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taking the mickey out

taking the mickey out

Postby Philip Hudson » Wed Jul 31, 2013 12:41 am

I am still having trouble with “taking the mickey out”. The Urban Dictionary says “mickey” is from the pejorative word “Mick” for an Irish Man. It defines the idiom as mocking someone in order to take the fight, gravity, etc from her/him. Then it seems to contradict itself by identifying the phrase “taking the mickey” as Cockney rhyming slang. Wikipedia also blames the word on Cockney rhyming slang. It seems unlikely to me. Mickey Bliss seems to have been an English radio performer and that seems an unlikely source for a Cockney to use in creating a slang idiom. I do not think this idiom has much if any currency in the USA. I am not sure how common it is in England.

Some languages seem to have no idioms. Some languages have idioms. English may well be the most idiomatic language. That is the impression I have gained from my ESL students. We have an idioms class in our free ESL school. It is one of our most popular classes. The teacher is content to teach the class every year so I have never had the opportunity to teach it. I usually teach Grammar IV. The lower graded lesson courses are the most difficult to teach so my course is, idiomatically, a breeze. I would really like to teach idioms, but Jim, my good friend, has, idiomatically, a hammerlock on it.

I also teach American History to ESL students. I get to use and explain idioms in that class. It is a great class to teach.

I plan to post some more idioms here. I hope others do also.
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Re: taking the mickey out

Postby gailr » Wed Jul 31, 2013 3:13 am

I can see a possible pejorative undercurrent, considering the long history of friction between the British and the Irish. However, none of the instances I have seen (over several years and from more than one country) of "taking the mickey out of X" were referent to Irish individuals, groups, culture, or history. They indicated a jibe at whatever concept filled the X spot.

Based on what I've read of its etymology and the context of its common usage, avoidance of this term for fear of cultural insensitivity is as misplaced as avoidance of the word niggardly, in the mistaken belief that it is derived from a slur.
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Re: taking the mickey out

Postby bnjtokyo » Wed Jul 31, 2013 6:25 am

I tried the ngram viewer which shows no usage prior to 1947 or so and then increasing usage beginning 1947/8 to a first peak in 1965, usage fell back for a few years and then increasing usage from 1971 to 2000 (where the ngram data base must end I guess).

On a thread from another site I found the following quotation citing one of the most respected sources on slang, slang origins and usage:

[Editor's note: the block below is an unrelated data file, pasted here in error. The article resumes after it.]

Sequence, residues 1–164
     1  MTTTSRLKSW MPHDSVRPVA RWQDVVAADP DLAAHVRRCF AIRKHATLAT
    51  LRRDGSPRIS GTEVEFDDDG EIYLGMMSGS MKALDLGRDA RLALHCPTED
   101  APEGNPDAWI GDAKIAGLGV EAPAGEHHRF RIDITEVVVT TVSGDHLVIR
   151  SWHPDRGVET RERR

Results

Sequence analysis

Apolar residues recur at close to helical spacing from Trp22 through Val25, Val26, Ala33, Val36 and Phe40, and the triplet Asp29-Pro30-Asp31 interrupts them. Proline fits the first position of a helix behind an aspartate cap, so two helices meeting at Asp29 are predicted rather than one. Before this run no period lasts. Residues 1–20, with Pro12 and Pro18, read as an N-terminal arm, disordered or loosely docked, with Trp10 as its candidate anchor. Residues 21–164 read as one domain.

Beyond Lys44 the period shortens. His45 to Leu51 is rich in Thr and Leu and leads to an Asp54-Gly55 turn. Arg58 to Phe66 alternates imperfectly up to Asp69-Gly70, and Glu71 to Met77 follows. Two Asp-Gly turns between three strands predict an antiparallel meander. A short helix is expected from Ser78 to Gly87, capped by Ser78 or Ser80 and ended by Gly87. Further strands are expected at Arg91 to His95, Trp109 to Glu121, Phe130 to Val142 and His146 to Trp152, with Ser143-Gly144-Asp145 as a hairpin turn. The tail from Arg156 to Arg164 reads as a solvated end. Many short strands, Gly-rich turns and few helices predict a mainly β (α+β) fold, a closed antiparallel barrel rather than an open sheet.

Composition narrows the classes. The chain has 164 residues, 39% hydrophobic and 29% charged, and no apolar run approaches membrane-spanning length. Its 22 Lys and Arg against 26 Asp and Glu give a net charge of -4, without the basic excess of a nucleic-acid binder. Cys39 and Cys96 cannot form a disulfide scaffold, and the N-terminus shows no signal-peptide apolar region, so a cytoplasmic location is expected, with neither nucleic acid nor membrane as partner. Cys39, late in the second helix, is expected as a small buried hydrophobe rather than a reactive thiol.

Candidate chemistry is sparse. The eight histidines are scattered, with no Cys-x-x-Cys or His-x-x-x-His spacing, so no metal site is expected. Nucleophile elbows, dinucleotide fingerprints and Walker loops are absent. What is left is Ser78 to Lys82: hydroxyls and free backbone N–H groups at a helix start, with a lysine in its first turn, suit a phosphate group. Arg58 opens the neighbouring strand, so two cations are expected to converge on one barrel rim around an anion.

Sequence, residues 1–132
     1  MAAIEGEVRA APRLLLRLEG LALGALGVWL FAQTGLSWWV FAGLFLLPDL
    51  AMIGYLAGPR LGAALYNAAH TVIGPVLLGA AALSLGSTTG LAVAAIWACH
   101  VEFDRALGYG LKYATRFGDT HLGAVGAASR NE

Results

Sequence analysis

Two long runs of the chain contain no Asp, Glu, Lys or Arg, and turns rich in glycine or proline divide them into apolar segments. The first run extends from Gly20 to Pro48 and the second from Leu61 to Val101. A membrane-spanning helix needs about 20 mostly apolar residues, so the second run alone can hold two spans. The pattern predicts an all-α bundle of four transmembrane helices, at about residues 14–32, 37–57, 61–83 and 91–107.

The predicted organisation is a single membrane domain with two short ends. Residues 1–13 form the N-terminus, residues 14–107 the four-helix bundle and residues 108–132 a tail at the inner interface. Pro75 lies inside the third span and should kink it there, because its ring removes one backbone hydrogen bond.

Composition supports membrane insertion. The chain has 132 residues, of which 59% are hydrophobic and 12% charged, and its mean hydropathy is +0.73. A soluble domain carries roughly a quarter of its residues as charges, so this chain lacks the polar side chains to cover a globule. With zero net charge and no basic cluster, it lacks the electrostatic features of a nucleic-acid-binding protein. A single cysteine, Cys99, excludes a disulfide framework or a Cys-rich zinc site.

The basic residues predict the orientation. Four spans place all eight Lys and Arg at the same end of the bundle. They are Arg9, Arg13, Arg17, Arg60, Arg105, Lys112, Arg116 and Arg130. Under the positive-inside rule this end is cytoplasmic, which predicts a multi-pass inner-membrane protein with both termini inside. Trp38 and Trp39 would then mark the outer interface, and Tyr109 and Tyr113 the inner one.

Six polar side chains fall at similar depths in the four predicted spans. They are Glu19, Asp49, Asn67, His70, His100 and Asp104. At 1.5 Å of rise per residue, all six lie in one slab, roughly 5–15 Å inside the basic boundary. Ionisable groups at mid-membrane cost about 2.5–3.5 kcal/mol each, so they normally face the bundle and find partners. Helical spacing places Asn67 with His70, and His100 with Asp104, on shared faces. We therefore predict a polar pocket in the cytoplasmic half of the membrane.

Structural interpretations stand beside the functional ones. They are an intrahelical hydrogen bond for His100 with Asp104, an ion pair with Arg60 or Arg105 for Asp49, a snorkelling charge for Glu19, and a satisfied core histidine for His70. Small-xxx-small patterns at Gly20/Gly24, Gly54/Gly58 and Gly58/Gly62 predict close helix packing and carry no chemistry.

"Partridge's 'Dictionary of Slang and Unconventional English' dates this expression to c. 1950, and gives its origin as rhyming slang ('Mickey Bliss'). Mickey Bliss, thought to be BBC radio personality, has never been conclusively identified. A competing theory is that 'taking the mick' was derived from the verb, 'micturate' (to urinate)."

I find the rhyming slang argument fairly convincing because Jeremy Alderton's "Cockney Rhyming Slang dictionary page" (http://www.aldertons.com) lists "Mickey Bliss" as rhyming slang for "p*ss" This page says the Mickey Bliss character is mythical and and quotes the following explanation
"The original idea was that of deflating someone, recalling the description of a self-important blusterer as 'all p[*]ss and wind.' " It also says the phrase became common in the late 40's, which agrees with Partridge and the ngram viewer

The same definition is given on the Rice University Cockney word list:
http://www.ruf.rice.edu/~kemmer/Words04 ... ckney.html
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Re: taking the mickey out

Postby Slava » Wed Jul 31, 2013 12:50 pm

How about the two main theories both being correct? If Mickey Bliss is a fake name, and mick is presumed to be from micturate, and the idiom is for p*ss, it seems to me the two are not mutually exclusive. Mick was simply turned into Mickey Bliss, which happens to rhyme with p*ss.
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Re: taking the mickey out

Postby Perry Lassiter » Wed Jul 31, 2013 1:05 pm

Gail, your example choice is either good or bad. One of our politicians used the term niggardly in reference to some skinflint, and the online world erupted! Only briefly as I recall.
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Re: taking the mickey out

Postby gailr » Wed Jul 31, 2013 9:33 pm

^ Perry, that's why I chose that example...

It is best to understand the words one uses, and hope that one's culture is generally educated enough to share that understanding. The larger and more diverse the population, the more likely that surprises will crop up over very different associations with a particular set of sounds! Some urge using only the smallest, most general words to express concepts readily grasped by the lowest common denominator. Meh: very small ideas and very small words for very small minds...not desirable to me, nor, I think, for anyone who loves language?